I am assuming that your pasta will be taking 10-12 minutes to cook, so put your pasta on. Put a large frying pan on over a medium heat and just start squeezing the pork out of the sausages into the pan, crumbling it roughly whith your hands as you do. You don’t need to be too precious about this, put be prepared to break up big chunks with a wooden spoon or something. If they’re good sausages, they shouldn’t release too much water, but there likely will be some, so you might want to drain any liquid from the pan as you go if the sausage appears to be steaming rather than browning. When the crumbled sausage is brown in parts, pour in your wine, and bring to the boil. Simmer for a few minutes while you stir the pasta, and probably get yourself another glass of wine, or poke your head round the kitchen door to watch Eastenders. Anyway, after a few minutes of that, stir in your chilli flakes and then your cream. Turn the heat down a touch but not too much and let it bubble away, stirring regularly. Stir in your mustard. I reckon your pasta will be done about now, so, drain it (but don’t drain it until bone dry, a tiny splosh of pasta water is good in any sauce). Chuck the torn basil leaves into the sauce, closely followed by the cooked pasta and give it a very thorough stir. Scoff.

Basic Pesto & Cod with a Pesto Crust

003I understand why people buy their pesto in a jar. I do. I understand that there may be a misapprehension about it taking time or effort, or that the ingredients may be many, varied and costly. I understand some people are just not going to be bothered to make anything like that from scratch. Totally get all that. However, I do make my pesto from scratch for two reasons – I usually already have the ingredients (I have a basil plant on my windowsill, and I just can’t imagine life without garlic, olive oil & parmesan cheese) but the main reason, the real reason is that the result is just a world away from anything you can buy in a jar for almost no effort. And for a quick pasta sauce or a topping for meat and fish, I’m more than happy to spend the 5 2 minutes it takes to whizz it up. I always make mine in a food processor , but you can do it in a pestle and mortar. (WARNING: May take longer than 2 minutes doing it this way!). This will keep in a jar in the fridge for a couple of days, but I would really recommend eating straight away – and for this reason the recipe I’ve given really only serves 2. This version from the Zilli Cookbook.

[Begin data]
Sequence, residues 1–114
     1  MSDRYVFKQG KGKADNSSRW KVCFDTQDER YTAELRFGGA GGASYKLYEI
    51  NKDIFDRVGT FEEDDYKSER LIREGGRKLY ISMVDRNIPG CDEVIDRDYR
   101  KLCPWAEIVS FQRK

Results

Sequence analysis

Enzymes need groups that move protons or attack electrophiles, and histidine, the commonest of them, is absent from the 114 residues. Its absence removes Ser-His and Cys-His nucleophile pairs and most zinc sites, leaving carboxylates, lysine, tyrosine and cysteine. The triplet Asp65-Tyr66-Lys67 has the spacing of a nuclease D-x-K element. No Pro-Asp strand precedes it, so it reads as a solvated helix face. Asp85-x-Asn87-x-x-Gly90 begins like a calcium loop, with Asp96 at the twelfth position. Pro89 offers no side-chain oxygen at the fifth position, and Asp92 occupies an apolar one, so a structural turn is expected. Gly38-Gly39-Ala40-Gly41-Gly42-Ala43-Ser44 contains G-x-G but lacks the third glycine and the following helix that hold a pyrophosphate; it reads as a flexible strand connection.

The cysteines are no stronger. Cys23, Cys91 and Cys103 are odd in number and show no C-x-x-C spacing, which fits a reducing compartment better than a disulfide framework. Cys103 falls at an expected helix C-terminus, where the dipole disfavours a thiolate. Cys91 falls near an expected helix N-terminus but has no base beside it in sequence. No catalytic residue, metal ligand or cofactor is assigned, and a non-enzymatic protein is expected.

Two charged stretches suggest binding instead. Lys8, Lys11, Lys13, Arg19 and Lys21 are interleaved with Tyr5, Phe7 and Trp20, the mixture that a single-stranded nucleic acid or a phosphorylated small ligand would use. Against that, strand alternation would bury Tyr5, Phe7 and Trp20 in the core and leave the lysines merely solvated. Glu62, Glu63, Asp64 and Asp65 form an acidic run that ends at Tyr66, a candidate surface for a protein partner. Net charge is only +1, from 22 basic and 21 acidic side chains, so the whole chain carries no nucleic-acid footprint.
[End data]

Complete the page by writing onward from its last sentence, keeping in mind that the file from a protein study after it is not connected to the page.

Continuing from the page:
• 20-24 fresh basil leaves
  • 2 small cloves of garlic, crushed
  • 25g Parmesan cheese/
  • 15g pine nuts
  • 45ml extra virgin olive oil
  • salt & pepper


Put the basil leaves, garlic, pine nuts & parmesan in your food processor, and whizz for 20-30 seconds. If you can keep the food processor on while adding the olive oil, do so in a steady stream until its all combined, all well and good. If like me, you can’t, put the olive oil in and whizz again for about 20 seconds. Thats really it.

So when you’ve done that, you might like to try this fish dish. If you don’t really want to make your own pesto, that’s alright( whisper it..), A Jar is Still OK for this. Alternatively, if you live anywhere near a good deli, they might sell it fresh over the counter. This dish goes best with a nice fresh salad, in my opinion.

pesto cod post oven

Serves 2 greedy people:

  • helping of pesto for 2 (see above)
  • 2 cod fillets, roughly 150-200g each
  • 20g butter
  • 30g breadcrumbs
  • grated zest and juice of 1 lemon
  • salt & pepper.

Preheat the oven to gasmark 6. Melt the butter in a large frying pan, remove from the heat and add breadcrumbs, juice & zest. Don’t overmix, just combine the ingredients. It will look a bit mushy anyway, however that’s alright.  When cool, add the pesto and mix well. Divide and pat the mixture quite firmly onto the fish. Put it in the oven for 10 minutes. Scoff.